Artist and adventurer Carsten Peter took this photo a mere 20 feet from the turbulent magma of Mount Etna in Sicily.

  • 18 MUSEUM www.aam-us.org July•August 2011


    paraglider, caver and canyoneer. Going to

    extremes is his specialty. It has been since

    he was a 17-year-old German kid perched

    on the crater rim of Mt. Stromboli, an ac-

    tive volcano north of Sicily, to get his shot.

    The opening image of “Formation” fea-

    tures present-day Peter, now in his early

    50s. He is wearing a red jumpsuit, yellow

    walkie-talkie slung around his neck,

    grizzled and grinning and giving two

    thumbs-ups as massive clouds of smoke—

    emitted by Indonesia’s Mt. Semeru—rise

    behind him.

    Volcanic activity dominates the 41

    photos, suspended in lightboxes set into

    the exterior walls of National Geographic’s

    17th Street galleries. Many are close-ups;

    lava seems to nearly splash onto the lens.

    Indeed, in one nighttime shot, the molten

    glow of Nyiragongo—a volcano located in

    the Democratic Republic of the Congo—is

    balanced by the cooler radiance of a white

    tent nearby. Peter and his accompanying

    research team pitched their base camp

    a mere quarter-mile above the lava lake

    that boils in Nyiragongo’s belly at nearly

    1,800 degrees Fahrenheit. During another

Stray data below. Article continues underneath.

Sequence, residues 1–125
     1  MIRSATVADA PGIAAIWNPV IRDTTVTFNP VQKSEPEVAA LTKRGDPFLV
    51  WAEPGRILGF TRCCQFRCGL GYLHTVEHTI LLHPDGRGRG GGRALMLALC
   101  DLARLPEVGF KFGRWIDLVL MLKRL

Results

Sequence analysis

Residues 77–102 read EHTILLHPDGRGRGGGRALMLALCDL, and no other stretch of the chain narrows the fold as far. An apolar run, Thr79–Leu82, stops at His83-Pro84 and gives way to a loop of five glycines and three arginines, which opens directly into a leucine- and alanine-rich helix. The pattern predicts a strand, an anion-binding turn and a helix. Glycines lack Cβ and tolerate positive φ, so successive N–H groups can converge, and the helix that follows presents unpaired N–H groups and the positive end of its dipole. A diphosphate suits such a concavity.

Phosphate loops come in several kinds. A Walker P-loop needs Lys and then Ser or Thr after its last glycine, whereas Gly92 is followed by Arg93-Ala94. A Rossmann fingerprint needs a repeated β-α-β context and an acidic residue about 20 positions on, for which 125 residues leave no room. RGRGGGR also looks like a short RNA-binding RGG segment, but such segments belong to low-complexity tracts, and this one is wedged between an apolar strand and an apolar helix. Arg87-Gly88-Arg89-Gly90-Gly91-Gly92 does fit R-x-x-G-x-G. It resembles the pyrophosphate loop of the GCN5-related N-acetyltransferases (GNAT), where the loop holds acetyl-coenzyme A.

volcanic photo shoot, this time of Mt. Etna

    in Italy, Peter worked in a respirator and

    helmet less than 20 feet from the liquid-

    hot magma. (Thank you, Dr. Evil.)

    On the opposite end of the thermom-

    eter are shots of glaciers, cool, soft blues

    balancing the red-hotness of the volcano

    series. But there is little tranquility here.

    In some instances, Peter had to descend

    into deep, often unstable glacial caves.

    One photo looks up a sharply vertical,

    seemingly infinite ice tunnel. Three

    spelunkers cling to its frosty walls as they

    rappel down some 300 feet into a glacier

    cave in Greenland. In another image, an

    explorer dangles from a giant stalactite

    of ice.

    Along with the extreme, Peter is

    drawn to the unexplored. Many of his

    photographs are of sites that had rarely

    before been entered, much less document-

    ed. An expedition first entered Vietnam’s

    Hang Son Doong, or “mountain river